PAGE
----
A recent analysis found that among 990 individuals fatally shot by US police officers in 2015, Black civilians were more than twice as likely as White civilians to have been unarmed, and civilians from “other” minority groups were significantly more likely than White civilians to have not posed an imminent threat to the officer(s) or other civilians.

12:00 AM EST February 08, 2017

Are Antivirals a Cost-Effective Therapy During Severe Flu Seasons?

A new study indicates that the antiviral drug oseltamivir can reduce influenza infections and prevent deaths in a cost-saving manner under most pandemic scenarios.

12:00 AM EST February 08, 2017

Could Drugs Replace Gastric Bypass Surgery?

Gastric bypass surgery is one of the most successful treatments for obesity and related disorders; however, some patients may not want to undergo surgery.

12:00 AM EST February 08, 2017

Gold Standard Monitoring of HCC in Patients with Cirrhosis Is Cost-Effective

Hepatocellular carcinoma (HCC) is the leading cause of death in patients with cirrhosis. A new analysis indicates that following screening guidelines for HCC in cirrhotic patients is lifesaving and cost-effective compared with ‘real life’ monitoring.

12:00 AM EST February 08, 2017

Many Older Adults with Epilepsy May Not Be Receiving Optimal Care

Many older adults with newly diagnosed epilepsy in the United States are being prescribed older anti-epileptic drugs (AEDs), and only half begin treatment with AEDs within the first 30 days of a potential epilepsy diagnosis.

12:00 AM EST February 08, 2017

Men Experience Greater Cognitive Impairment and Short-Term Death Following Hip Surgery

In a study of hip fracture patients, men displayed greater levels of cognitive impairment within the first 22 days of fracture than women, and cognitive limitations increased the risk of dying within six months in both men and women.

12:00 AM EST February 08, 2017

Older Women May Not Be Offered Breast Reconstruction After Mastectomy

A national study from England indicates that older women are often not offered immediate breast reconstruction following a mastectomy, even though guidelines state that surgeons should discuss reconstruction with all suitable patients and that it should be available at the initial surgical operation.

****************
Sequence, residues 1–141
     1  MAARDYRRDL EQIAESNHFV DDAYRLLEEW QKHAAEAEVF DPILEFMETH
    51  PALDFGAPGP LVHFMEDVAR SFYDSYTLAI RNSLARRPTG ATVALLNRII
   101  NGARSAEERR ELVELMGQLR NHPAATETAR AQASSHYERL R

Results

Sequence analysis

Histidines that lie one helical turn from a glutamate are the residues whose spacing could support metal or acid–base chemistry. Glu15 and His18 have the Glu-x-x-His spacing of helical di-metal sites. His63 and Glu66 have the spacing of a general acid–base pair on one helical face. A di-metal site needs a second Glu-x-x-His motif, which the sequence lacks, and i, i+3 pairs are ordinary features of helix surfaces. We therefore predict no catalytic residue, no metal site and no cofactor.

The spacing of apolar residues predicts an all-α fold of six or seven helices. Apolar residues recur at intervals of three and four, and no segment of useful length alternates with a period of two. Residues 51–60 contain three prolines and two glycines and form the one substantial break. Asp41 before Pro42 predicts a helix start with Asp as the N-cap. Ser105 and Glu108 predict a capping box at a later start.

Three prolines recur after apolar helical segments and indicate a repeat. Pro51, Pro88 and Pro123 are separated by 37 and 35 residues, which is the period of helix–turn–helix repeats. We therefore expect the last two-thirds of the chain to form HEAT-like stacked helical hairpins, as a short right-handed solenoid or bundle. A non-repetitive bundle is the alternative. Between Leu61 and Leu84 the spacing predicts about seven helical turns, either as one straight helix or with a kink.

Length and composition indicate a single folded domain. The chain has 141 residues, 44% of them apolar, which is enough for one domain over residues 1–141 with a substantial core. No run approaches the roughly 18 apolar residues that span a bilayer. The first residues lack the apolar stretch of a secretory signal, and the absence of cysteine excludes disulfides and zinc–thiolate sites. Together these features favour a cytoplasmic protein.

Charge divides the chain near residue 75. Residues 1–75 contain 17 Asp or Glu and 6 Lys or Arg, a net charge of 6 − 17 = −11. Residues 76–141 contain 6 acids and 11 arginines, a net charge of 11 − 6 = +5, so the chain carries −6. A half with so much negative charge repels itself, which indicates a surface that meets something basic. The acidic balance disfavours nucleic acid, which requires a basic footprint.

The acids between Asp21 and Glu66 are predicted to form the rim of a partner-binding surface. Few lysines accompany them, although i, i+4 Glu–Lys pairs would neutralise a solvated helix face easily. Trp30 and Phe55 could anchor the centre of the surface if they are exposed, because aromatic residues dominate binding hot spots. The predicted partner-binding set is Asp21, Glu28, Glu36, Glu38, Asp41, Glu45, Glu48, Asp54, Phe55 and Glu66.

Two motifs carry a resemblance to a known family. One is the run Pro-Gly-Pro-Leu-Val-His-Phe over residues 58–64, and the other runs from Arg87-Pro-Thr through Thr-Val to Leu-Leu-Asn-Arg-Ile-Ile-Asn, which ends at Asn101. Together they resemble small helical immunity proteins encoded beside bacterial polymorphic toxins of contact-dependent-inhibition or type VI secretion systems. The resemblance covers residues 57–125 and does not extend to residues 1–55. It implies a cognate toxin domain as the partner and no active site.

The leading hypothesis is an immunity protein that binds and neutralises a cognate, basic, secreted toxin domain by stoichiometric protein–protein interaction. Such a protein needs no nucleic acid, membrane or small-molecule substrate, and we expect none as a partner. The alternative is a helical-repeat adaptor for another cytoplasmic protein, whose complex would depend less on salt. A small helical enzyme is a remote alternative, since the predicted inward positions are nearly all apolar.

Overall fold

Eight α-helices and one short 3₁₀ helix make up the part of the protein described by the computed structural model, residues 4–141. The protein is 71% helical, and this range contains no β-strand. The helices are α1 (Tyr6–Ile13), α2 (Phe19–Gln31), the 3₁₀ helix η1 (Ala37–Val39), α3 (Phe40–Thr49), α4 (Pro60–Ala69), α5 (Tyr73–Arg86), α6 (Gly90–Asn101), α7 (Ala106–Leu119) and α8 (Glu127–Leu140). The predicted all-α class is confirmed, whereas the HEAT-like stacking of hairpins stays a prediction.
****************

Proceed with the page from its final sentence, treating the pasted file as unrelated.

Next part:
12:00 AM EST February 08, 2017

Poor Thigh Muscle Strength May Increase Women’s Risk of Knee Osteoarthritis

A new study has found that poor strength in the thigh muscles may increase the risk of knee osteoarthritis in women but not men. This relationship was confounded by body mass index (BMI), which itself is known as a risk factor for knee osteoarthritis.

12:00 AM EST February 08, 2017

Study Provides Clues to the Sex Difference in Dyslexia

For reasons that are unclear, males are diagnosed with dyslexia more often than females. Researchers have now found that this may be due to males’ lower average and more variable reading performance relative to females’.

12:00 AM EST February 08, 2017

Study Provides Insights on Optimal Treatment of Paget’s Disease of Bone

In a study of patients with Paget’s disease of bone—a common skeletal disorder that can lead to bone deformity, fractures, osteoarthritis, and bone pain—long-term intensive bisphosphonate therapy conferred no clinical benefit over giving bisphosphonates only when patients felt bone pain.